Planning Your Automation Project

By on February 26th, 2022 in Corporate, news

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Fixed (hard) automation with robotic process assembly [Source: Encompass Inc] 

Charles R. Goulding and Preeti Sulibhavi explain how their clients have tackled manufacturing automation.

Many of our clients, although dealing with pandemic-related labor shortages, are seeing growth opportunities and are automating their manufacturing and distribution processes to meet both needs. Analyzing many of these projects, we have put together a 10-step plan. 

  1. Assemble the appropriate team of senior management, engineers, plant technicians, finance and marketing professionals and outside consultants to create and implement the project. This is the time to gather research and construct a general plan or strategy of how the project will be executed. 
  2. Identify your customer addressable market while also serving your existing customers and expanding your market. Who are your target customers and what do they need? How can your company provide these items and what is the best way to do so? It’s always good to gain some insight from your end-users, whether it is product feedback, transaction surveys, focus groups, or general correspondence. Know your audience, as they say.
  3. Take a look at what leading competitors and best-of-breed companies are doing. Visit and ask questions. There is always room to grow and learning from the best can only help in this aspect.
  4. Be flexible with your solutions.¬†One shoe doesn’t fit all. Sometimes a hybrid solution is best.¬†One of our CNC-machining clients, who thought they were converting¬†to all robot automation,¬†realized that a new CNC with more functions and some robots was a better combination.¬†
Flexible (soft) automation using robotic arms [Source: Encompass Inc]

Another client used a new cobot with a specially designed gantry to get the job done.¬†One of our artisan fabricator clients realized that a used, modified industrial robot could do the trick. Consider 3D printing where new technological developments may provide new opportunities you weren’t aware of.¬†

  1. Try to keep the new solution simple and elegant. If your team is faced with two alternative solutions, the simplest one is often the best way to go. Highly complex projects often have multiple factors and varying layers of inputs that are affected by a myriad of elements. To help your team get to the right result keep things simple.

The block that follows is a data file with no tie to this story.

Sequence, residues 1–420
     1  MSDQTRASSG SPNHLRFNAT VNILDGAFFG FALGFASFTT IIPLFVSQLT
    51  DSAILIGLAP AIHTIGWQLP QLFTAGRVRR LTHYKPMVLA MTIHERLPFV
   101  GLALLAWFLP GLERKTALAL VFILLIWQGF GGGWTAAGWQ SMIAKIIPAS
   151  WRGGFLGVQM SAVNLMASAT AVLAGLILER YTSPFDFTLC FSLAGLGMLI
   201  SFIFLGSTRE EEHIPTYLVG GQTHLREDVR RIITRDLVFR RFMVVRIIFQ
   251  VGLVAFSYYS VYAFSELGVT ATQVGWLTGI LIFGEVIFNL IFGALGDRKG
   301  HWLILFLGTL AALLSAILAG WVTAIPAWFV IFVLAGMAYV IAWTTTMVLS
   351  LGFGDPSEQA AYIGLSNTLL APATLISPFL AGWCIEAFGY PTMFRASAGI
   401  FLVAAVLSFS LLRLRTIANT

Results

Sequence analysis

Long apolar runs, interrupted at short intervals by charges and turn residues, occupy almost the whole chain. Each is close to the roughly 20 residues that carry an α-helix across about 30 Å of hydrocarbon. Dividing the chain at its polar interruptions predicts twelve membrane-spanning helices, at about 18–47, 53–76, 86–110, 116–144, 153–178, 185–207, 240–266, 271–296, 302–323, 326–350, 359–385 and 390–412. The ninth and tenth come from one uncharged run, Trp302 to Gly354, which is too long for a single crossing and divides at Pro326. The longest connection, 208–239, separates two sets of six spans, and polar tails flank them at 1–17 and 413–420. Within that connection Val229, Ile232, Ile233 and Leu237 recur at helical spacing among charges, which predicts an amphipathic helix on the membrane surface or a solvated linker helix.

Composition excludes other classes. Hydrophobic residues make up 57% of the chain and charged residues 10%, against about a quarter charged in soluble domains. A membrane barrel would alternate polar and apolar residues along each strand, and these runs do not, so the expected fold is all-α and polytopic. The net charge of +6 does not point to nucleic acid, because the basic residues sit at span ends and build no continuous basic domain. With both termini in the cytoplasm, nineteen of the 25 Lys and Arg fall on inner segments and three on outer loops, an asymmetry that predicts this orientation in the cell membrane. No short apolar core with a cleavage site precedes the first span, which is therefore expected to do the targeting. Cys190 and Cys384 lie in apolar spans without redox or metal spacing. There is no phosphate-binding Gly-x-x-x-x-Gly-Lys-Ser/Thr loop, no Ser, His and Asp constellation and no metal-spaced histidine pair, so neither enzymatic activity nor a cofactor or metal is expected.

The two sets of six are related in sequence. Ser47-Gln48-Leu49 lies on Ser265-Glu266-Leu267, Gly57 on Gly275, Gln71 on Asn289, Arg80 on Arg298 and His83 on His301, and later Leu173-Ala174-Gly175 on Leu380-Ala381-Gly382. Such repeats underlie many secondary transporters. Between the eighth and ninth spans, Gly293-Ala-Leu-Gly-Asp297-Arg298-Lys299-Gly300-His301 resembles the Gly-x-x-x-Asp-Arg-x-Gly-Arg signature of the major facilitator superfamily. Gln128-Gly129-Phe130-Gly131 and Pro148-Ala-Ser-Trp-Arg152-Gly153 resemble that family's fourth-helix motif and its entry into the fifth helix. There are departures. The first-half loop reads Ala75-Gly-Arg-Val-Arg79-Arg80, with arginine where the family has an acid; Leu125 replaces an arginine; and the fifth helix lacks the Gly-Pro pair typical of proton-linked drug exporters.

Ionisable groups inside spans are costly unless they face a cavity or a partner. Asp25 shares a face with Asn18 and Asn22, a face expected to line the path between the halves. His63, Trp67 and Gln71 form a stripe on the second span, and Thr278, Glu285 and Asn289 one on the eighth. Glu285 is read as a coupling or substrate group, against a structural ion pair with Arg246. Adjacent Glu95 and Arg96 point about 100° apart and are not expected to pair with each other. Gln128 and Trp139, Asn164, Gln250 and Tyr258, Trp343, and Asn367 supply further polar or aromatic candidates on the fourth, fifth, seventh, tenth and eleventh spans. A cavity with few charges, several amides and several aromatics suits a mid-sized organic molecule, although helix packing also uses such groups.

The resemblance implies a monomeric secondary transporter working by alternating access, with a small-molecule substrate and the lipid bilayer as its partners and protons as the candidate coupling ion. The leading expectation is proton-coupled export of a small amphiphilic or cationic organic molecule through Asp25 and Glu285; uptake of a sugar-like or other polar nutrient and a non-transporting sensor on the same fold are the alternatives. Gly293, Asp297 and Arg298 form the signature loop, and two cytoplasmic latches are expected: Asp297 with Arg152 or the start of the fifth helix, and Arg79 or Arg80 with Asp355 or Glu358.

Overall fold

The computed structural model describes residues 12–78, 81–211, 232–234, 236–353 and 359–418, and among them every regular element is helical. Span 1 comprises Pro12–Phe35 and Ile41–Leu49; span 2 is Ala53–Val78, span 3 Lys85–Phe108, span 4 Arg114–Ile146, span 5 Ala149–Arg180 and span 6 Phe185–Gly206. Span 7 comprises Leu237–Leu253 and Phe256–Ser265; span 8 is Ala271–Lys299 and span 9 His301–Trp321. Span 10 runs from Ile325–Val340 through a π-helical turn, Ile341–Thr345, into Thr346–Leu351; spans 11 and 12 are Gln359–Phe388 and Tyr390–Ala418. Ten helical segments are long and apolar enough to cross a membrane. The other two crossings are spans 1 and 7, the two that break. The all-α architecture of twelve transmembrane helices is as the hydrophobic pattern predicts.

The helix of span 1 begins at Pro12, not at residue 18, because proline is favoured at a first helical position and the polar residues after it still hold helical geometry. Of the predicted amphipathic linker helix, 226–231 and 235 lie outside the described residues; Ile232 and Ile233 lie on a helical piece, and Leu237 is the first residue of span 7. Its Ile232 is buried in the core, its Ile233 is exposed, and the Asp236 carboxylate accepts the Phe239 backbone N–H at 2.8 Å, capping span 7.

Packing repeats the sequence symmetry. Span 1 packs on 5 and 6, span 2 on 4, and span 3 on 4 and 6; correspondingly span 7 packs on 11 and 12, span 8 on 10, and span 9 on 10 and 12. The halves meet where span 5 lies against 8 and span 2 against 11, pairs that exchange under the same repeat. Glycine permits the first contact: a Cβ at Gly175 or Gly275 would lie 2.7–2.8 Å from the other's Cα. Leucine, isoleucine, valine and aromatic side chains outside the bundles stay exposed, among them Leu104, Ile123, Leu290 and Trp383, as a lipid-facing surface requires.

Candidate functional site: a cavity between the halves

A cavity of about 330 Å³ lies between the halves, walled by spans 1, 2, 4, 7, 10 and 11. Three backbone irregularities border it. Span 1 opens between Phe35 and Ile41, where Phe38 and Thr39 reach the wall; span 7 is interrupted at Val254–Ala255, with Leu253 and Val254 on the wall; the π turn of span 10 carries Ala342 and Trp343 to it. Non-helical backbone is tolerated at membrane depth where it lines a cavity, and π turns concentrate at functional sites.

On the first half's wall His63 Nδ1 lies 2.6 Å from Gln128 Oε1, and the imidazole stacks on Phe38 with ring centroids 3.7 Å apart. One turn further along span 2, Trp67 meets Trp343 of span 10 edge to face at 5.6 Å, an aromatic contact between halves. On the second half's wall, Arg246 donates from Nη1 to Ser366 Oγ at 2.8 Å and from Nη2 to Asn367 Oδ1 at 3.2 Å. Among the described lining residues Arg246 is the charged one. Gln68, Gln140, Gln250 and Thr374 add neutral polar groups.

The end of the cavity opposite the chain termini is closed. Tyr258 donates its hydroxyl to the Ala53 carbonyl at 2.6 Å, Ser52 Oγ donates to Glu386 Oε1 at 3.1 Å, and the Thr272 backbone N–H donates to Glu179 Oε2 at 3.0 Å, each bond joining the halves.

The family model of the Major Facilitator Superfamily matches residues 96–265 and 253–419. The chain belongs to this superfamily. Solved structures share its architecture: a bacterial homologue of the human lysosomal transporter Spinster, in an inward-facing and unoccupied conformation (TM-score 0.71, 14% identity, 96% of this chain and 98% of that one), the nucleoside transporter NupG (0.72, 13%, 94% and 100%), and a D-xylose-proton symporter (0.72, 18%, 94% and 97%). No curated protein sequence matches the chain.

2. Contact your local Manufacturing Extension Partnership (MEP) to see if economic grants are available for improvements to your manufacturing processes and equipment. You may be surprised by how many opportunities your local MEP has to offer. 
  3. Be a good communicator so that everyone understands the goals and objectives. Staff reduction is not a goal for our clients. Delighting the customer and efficiency is normally our clients’ main goal. 
  4. Continuously test and model your new processes with small batches and pre-production runs. Our clients find prototyping an easy way to determine if both the process is running as it should and if the product is at all affected. 
  5. Budget for training. Your team is going to need some education to implement the new processes. Your management team must accommodate for the time allocated to education and training.
  6. Finally: broadcast and celebrate your accomplishments and success and earn your R&D tax credits where applicable. 

The Research & Development Tax Credit

The now permanent Research and Development (R&D) Tax Credit is available for companies developing new or improved products, processes and/or software. 

3D printing can help boost a company’s R&D Tax Credits. Wages for technical employees creating, testing, and revising 3D printed prototypes can be included as a percentage of eligible time spent for the R&D Tax Credit. Similarly, when used as a method of improving a process, time spent integrating 3D printing hardware and software counts as an eligible activity. Lastly, when used for modeling and preproduction, the costs of filaments consumed during the development process may also be recovered.

Whether it is used for creating and testing prototypes or for final production, 3D printing is a great indicator that R&D Credit eligible activities are taking place. Companies implementing this technology at any point should consider taking advantage of R&D Tax Credits.

Conclusion

There are many reasons for companies to automate their manufacturing and distribution processes. One of the main reasons is to increase efficiency and reduce cost. 3D printing can help achieve those results.   

By Charles Goulding

Charles Goulding is the Founder and President of R&D Tax Savers, a New York-based firm dedicated to providing clients with quality R&D tax credits available to them. 3D printing carries business implications for companies working in the industry, for which R&D tax credits may be applicable.

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